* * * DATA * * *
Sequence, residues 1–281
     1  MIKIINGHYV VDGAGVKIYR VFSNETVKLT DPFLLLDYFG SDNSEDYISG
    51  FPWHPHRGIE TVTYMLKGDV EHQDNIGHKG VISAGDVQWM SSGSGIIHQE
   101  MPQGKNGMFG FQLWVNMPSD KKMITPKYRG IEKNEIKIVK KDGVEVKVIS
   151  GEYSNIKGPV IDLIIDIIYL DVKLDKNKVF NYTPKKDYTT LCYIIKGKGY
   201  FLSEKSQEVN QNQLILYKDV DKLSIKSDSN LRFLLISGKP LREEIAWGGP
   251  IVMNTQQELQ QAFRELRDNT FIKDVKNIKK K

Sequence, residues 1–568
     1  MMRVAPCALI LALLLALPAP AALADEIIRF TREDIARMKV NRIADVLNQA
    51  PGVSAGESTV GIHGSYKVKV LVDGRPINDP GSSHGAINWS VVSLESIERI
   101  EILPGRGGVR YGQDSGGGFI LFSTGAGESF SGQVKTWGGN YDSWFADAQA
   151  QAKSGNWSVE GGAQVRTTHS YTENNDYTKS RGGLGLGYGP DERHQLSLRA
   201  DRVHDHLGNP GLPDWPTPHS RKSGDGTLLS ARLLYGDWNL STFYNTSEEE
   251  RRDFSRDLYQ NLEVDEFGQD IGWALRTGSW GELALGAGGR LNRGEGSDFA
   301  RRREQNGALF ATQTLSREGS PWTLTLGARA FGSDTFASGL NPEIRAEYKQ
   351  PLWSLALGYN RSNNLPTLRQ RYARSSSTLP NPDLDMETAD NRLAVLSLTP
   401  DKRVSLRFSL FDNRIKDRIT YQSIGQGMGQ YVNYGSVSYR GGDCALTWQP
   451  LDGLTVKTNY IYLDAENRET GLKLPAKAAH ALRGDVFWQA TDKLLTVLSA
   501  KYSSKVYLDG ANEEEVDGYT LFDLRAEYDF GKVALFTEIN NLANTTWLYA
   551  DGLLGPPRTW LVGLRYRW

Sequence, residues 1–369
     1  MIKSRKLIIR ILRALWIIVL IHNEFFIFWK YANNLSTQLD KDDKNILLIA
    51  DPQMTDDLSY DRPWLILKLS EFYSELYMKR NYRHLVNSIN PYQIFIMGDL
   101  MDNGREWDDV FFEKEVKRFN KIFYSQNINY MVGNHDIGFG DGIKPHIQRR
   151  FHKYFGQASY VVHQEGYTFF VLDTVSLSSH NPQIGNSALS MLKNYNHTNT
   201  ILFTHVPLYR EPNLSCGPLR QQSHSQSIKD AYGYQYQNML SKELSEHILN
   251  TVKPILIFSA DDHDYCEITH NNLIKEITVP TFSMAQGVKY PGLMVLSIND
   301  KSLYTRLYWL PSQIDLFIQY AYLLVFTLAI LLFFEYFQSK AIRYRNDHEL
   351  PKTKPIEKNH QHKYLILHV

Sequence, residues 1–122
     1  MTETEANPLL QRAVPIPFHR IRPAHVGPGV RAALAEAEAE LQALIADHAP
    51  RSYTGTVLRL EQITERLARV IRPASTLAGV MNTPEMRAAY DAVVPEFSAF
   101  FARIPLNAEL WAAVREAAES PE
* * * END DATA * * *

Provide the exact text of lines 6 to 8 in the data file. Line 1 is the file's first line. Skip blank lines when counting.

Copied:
   201  FLSEKSQEVN QNQLILYKDV DKLSIKSDSN LRFLLISGKP LREEIAWGGP
   251  IVMNTQQELQ QAFRELRDNT FIKDVKNIKK K

Sequence, residues 1–568